The fossilized bones of a large-sized penguin species that lived during the Paleocene epoch (between 66 and 56 million years ago) have been discovered in New Zealand.
Named Crossvallia waiparensis, the ancient penguin was about 5.2 feet (1.6 m) tall — taller than today’s 4-foot (1.2 m) Emperor penguin — and had a mass of between 70 and 80 kg.
Its leg bones and two ends of the humerus were unearthed by amateur paleontologist Leigh Love at the Waipara Greensand fossil site in 2018.
Dr. Gerald Mayr from the Senckenberg Natural History Museum and colleagues analyzed the bones and concluded they belonged to a previously unknown penguin species.
They concluded that the bird’s closest known relative is a fellow Paleocene species Crossvallia unienwillia, which was identified from a fossilized partial skeleton found in the Cross Valley in Antarctica in 2000.
“Finding closely related birds in New Zealand and Antarctica shows our close connection to the icy continent,” said Dr. Dr Paul Scofield, a paleontologist at Canterbury Museum.
“When the Crossvallia species were alive, New Zealand and Antarctica were very different from today — Antarctica was covered in forest and both had much warmer climates.”
The leg bones of both Crossvallia penguins suggest their feet played a greater role in swimming than those of modern penguins, or that they hadn’t yet adapted to standing upright like modern penguins.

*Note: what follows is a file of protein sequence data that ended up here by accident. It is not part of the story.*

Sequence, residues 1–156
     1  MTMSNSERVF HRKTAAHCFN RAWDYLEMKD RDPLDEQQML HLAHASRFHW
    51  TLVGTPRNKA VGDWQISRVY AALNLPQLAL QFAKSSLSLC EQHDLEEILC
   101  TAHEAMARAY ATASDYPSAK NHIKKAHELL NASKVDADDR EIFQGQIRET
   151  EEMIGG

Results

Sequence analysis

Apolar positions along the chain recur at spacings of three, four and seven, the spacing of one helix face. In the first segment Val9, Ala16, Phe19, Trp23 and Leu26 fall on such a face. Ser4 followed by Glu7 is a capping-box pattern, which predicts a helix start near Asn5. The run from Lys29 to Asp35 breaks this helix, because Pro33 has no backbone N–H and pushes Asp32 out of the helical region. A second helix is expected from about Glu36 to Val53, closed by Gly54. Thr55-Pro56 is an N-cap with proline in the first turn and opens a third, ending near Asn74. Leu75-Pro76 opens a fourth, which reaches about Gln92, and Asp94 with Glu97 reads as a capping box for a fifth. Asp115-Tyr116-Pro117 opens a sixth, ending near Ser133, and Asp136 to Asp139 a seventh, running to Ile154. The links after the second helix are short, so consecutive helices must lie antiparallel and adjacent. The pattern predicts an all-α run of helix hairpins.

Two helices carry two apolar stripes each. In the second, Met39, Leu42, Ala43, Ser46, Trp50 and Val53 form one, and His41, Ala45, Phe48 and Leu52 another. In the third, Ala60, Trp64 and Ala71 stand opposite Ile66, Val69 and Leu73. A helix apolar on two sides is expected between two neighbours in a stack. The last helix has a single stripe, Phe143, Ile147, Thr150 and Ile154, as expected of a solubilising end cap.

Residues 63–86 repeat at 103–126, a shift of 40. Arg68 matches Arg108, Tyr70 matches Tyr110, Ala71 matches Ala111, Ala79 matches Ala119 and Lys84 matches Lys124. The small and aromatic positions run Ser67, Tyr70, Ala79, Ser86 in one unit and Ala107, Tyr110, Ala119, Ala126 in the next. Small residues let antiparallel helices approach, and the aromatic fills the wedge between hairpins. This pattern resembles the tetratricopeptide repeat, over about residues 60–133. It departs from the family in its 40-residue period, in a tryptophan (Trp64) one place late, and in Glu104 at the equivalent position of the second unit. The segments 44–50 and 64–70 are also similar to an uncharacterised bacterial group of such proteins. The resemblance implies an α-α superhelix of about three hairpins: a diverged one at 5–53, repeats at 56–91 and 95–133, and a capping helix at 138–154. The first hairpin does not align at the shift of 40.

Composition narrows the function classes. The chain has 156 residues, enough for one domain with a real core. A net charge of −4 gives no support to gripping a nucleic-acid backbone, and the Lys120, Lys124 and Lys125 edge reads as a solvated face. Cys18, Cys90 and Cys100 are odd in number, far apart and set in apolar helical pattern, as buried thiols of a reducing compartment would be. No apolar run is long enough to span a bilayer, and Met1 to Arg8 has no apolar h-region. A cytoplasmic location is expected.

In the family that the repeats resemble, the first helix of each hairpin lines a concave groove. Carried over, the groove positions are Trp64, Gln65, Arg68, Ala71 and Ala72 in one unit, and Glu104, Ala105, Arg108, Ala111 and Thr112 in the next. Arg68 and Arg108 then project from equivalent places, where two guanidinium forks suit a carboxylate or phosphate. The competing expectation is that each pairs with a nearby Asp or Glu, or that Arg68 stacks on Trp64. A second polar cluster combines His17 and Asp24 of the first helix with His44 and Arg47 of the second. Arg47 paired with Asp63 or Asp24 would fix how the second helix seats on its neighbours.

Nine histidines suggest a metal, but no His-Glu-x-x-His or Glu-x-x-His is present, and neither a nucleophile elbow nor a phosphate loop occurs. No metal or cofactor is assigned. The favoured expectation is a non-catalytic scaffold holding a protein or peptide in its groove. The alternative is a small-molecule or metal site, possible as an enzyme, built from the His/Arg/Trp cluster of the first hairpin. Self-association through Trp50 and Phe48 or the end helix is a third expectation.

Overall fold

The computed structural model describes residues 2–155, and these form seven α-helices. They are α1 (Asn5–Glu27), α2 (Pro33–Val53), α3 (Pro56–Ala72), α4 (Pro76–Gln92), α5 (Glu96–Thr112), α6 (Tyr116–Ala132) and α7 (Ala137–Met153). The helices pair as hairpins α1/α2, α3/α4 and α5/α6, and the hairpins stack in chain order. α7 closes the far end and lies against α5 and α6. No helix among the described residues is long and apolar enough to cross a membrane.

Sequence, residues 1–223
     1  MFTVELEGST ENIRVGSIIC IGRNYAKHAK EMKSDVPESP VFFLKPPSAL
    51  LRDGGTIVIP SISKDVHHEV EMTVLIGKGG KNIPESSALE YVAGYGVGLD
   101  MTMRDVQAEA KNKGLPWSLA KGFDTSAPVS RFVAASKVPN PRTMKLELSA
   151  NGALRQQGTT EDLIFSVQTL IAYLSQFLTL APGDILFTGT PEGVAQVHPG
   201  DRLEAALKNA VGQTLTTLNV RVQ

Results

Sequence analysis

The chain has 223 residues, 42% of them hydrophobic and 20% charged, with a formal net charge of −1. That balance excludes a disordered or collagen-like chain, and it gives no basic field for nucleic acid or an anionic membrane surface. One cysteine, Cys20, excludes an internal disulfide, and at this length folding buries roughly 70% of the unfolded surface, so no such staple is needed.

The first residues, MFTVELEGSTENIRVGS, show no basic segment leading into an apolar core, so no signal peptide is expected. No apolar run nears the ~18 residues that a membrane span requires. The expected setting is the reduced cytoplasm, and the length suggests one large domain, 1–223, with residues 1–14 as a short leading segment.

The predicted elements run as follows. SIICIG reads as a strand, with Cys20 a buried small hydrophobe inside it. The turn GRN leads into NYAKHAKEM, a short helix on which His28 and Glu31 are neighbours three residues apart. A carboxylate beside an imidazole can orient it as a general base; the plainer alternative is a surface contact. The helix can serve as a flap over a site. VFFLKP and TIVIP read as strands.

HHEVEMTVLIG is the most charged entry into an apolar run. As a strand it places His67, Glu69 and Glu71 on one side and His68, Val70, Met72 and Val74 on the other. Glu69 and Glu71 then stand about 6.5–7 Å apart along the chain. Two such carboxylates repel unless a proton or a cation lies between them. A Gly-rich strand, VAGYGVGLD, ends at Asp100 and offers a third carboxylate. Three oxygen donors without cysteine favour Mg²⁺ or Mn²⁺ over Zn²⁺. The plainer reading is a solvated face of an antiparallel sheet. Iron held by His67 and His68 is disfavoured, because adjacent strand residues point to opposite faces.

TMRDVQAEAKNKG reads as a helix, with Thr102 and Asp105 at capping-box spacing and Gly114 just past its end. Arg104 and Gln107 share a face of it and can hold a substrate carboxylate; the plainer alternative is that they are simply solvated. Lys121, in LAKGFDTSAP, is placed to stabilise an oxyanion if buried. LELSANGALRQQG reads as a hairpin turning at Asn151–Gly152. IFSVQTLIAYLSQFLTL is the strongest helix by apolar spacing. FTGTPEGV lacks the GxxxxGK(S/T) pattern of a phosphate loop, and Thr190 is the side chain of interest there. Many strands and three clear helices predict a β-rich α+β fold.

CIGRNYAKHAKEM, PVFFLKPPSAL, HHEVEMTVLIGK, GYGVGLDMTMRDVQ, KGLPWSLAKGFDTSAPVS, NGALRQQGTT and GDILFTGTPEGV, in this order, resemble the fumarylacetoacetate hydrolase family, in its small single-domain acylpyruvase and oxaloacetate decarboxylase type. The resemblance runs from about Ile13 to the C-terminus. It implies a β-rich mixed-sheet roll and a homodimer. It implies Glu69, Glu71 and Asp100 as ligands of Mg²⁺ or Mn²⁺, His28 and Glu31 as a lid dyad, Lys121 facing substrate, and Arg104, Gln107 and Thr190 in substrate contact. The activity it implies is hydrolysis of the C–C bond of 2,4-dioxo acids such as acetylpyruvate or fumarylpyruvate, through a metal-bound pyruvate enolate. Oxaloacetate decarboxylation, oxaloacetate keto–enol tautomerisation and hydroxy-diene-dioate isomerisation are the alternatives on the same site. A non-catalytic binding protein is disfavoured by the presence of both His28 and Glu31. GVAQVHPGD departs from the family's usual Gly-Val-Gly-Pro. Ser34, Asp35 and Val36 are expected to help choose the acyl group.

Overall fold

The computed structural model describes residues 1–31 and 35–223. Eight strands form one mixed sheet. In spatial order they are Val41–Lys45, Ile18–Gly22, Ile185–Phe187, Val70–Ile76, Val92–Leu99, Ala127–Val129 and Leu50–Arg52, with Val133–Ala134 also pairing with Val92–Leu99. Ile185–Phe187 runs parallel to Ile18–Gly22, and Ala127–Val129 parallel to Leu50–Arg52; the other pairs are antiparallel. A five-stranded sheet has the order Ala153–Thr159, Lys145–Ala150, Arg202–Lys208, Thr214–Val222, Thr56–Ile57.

Crossvallia waiparensis is the fifth ancient penguin species described from fossils uncovered at the Waipara Greensand site.
“The Waipara Greensand is arguably the world’s most significant site for penguin fossils from the Paleocene epoch,” Dr. Mayr said.
“The fossils discovered there have made our understanding of penguin evolution a whole lot clearer.”
“There’s more to come, too — more fossils which we think represent new species are still awaiting description.”
“The discovery of a second giant penguin from the Paleocene epoch is further evidence that early penguins were huge,” said Dr. Vanesa De Pietri, also from Canterbury Museum.
“It further reinforces our theory that penguins attained a giant size very early in their evolution.”
The team’s paper was published in the Alcheringa: an Australasian Journal of Palaeontology.
Gerald Mayr et al. Leg bones of a new penguin species from the Waipara Greensand add to the diversity of very large-sized Sphenisciformes in the Paleocene of New Zealand. Alcheringa: an Australasian Journal of Palaeontology, published online August 12, 2019; doi: 10.1080/03115518.2019.1641619